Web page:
The three primary health concerns associated with asbestos exposure are:

  • Lung cancer.
  • Mesothelioma, a cancer that is found in the thin lining of the lung, chest, abdomen and heart.
  • Asbestosis, a serious progressive, long-term disease of the lungs.

Smokers are at greater risk.

Don’t Let Melting Snow Seep into Your Basement

By | Indoor Environmental Quality | No Comments

Rain is a well-known enemy of a basement. Downpours can lead to floods in minutes, causing a wet basement, and in turn, can create an ideal environment for mold to grow.

But as we head into the colder months, much of that rain won’t be rain anymore and instead will be pure white fluffy snow!

Melting snow is just as much of a menace as rain.

The rule of thumb is that each 10 inches of snow, melted, would produce one inch of water. That’s 2,715 gallons of water per acre. But the actual amount can vary significantly depending on the consistency of the snow. Heavy, wet snow has a very high water content. 4 or 5 inches of that snow can contain about one inch of water, while it may take 20 inches of dry, powdery snow to equal one inch of water.

So even a minor snow melt can deposit thousands of gallons of water around the foundation of your house.

Don’t get caught off-guard by melting snow and wet basement!

Hazard Communication

By | Safety | No Comments

In the construction industry, one of the top 10 OSHA violations is Hazard Communication.

Failure to recognize hazards, and demonstrate safe practices associated with chemicals can cause serious injuries for yourself, co-workers, and any individual around that area.

Improper practices can lead to chemical burns, respiratory problems, fires and explosions.

To Prevent Incidents:

  • Store chemicals safely and securely.
  • Maintain a Safety Data Sheet (SDS) for each chemical in the facility and train employees on how to read and use them.
    • Global Harmonization Systems (GHS) internationally categorize chemicals. The GHS includes classification of health, physical and environmental hazards, specifies what information should be on the labels of hazardous chemicals, and safety data sheets. This information is required to readily accessible to employees in languages and/or formats that are clearly understood by all personnel.
  • Follow manufacturer’s SDS instructions for handling hazardous chemicals, and keep them updated as new procedures are published.
  • Provide spill clean-up kits where chemicals are stored and have written spill control plans.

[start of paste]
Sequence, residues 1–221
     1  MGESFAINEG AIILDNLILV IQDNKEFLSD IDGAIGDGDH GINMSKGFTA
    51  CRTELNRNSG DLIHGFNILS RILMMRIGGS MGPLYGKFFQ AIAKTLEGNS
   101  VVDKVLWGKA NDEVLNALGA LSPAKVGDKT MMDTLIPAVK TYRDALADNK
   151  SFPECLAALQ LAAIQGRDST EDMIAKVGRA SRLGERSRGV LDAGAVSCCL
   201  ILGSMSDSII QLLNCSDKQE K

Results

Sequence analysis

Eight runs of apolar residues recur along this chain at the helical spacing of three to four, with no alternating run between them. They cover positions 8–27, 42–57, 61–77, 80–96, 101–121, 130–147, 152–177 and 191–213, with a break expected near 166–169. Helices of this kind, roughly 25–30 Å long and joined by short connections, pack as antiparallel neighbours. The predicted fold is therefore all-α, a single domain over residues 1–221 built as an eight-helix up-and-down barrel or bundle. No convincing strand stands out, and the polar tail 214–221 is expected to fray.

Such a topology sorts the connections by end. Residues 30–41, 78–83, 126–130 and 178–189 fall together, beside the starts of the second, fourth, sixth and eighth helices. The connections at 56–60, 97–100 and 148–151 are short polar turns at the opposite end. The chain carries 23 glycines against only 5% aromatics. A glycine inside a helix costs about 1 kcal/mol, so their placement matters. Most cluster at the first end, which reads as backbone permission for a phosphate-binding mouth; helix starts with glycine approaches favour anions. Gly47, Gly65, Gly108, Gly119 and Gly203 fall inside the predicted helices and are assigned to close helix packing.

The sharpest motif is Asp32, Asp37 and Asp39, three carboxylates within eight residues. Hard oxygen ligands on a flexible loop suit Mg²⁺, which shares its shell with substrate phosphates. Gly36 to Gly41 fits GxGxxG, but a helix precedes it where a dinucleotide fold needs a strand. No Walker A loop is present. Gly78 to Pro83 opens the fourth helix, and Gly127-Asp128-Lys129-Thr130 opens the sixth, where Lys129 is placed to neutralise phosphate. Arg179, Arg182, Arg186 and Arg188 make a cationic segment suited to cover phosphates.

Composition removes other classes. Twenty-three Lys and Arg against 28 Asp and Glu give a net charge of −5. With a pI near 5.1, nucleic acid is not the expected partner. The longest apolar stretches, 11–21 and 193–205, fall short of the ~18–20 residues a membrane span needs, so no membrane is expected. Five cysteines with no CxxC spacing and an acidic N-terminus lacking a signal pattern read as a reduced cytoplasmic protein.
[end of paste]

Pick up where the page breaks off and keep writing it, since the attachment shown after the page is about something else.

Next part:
• Train employees on how to clean up spills, protect themselves and properly dispose of the used materials.
  • Provide proper personal protective equipment and enforce its use.

 

The Hazard Communication program was designed to keep our employee safe and healthy.

Chemical Management for Schools

By | Indoor Environmental Quality, Safety | No Comments

Improper chemical management poses health and safety risks to everyone in schools. While anyone can be effected, health, learning, and behavior risks to students are of primary concern. Children are more vulnerable than adults to chemical hazards because their bodies are still developing.

Health risks aren’t the only risks involved with improper chemical management in schools.

The expenses of improper chemical management can be hundreds of thousands of dollars or more for just a single school. Spills and other incidents are not only costly, but pose potential liabilities and lawsuits. Improper chemical waste management can result in fines, increased insurance premiums, and inflict damage upon the environment. If chemicals contaminate sanitary sewer lines or on-site waste treatment systems, rivers, streams, and groundwater can be poisoned. Spills to the ground can result in considerable remediation costs. While water is first and foremost thought of after a chemical spill, spills can also pollute the air.

Improper chemical management doesn’t only effect people physically.

It only takes one chemical incident to break the trust with the community. School incidents can lead to increased parental and community concern, and embarrassment to the school and school district. This in turn can create negative publicity both locally and nationally.

Lastly, improper chemical management can result in school closures, and that results in a loss of valuable education.

 

Hazardous chemicals aren’t always just laboratory chemicals for science.

Other examples are:

  • Art supplies – paints, stains, inks, glazes, photo processing chemicals
  • Cleaning products, pesticides, fertilizers, and de-icers
  • Solvents, fuels, degreasers, lubricants, oils, antifreeze, adhesives
  • Water treatment chemicals for drinking water and swimming

 

One of the best ways to avoid workplace confusion and prevent chemical incidents is to establish a Global Harmonization System (GHS). These include identifications of all chemicals present in the school, information on proper labeling and storage, potential hazards, and safety procedures for the use, transport, and disposal of chemicals. This chemical inventory also lists the quantities and locations that can be used to reduce the costs when purchasing so no excess chemicals are ordered. Perhaps most importantly, a GHS serves as a reference for school and emergency personnel in the event of an emergency caused by a chemical.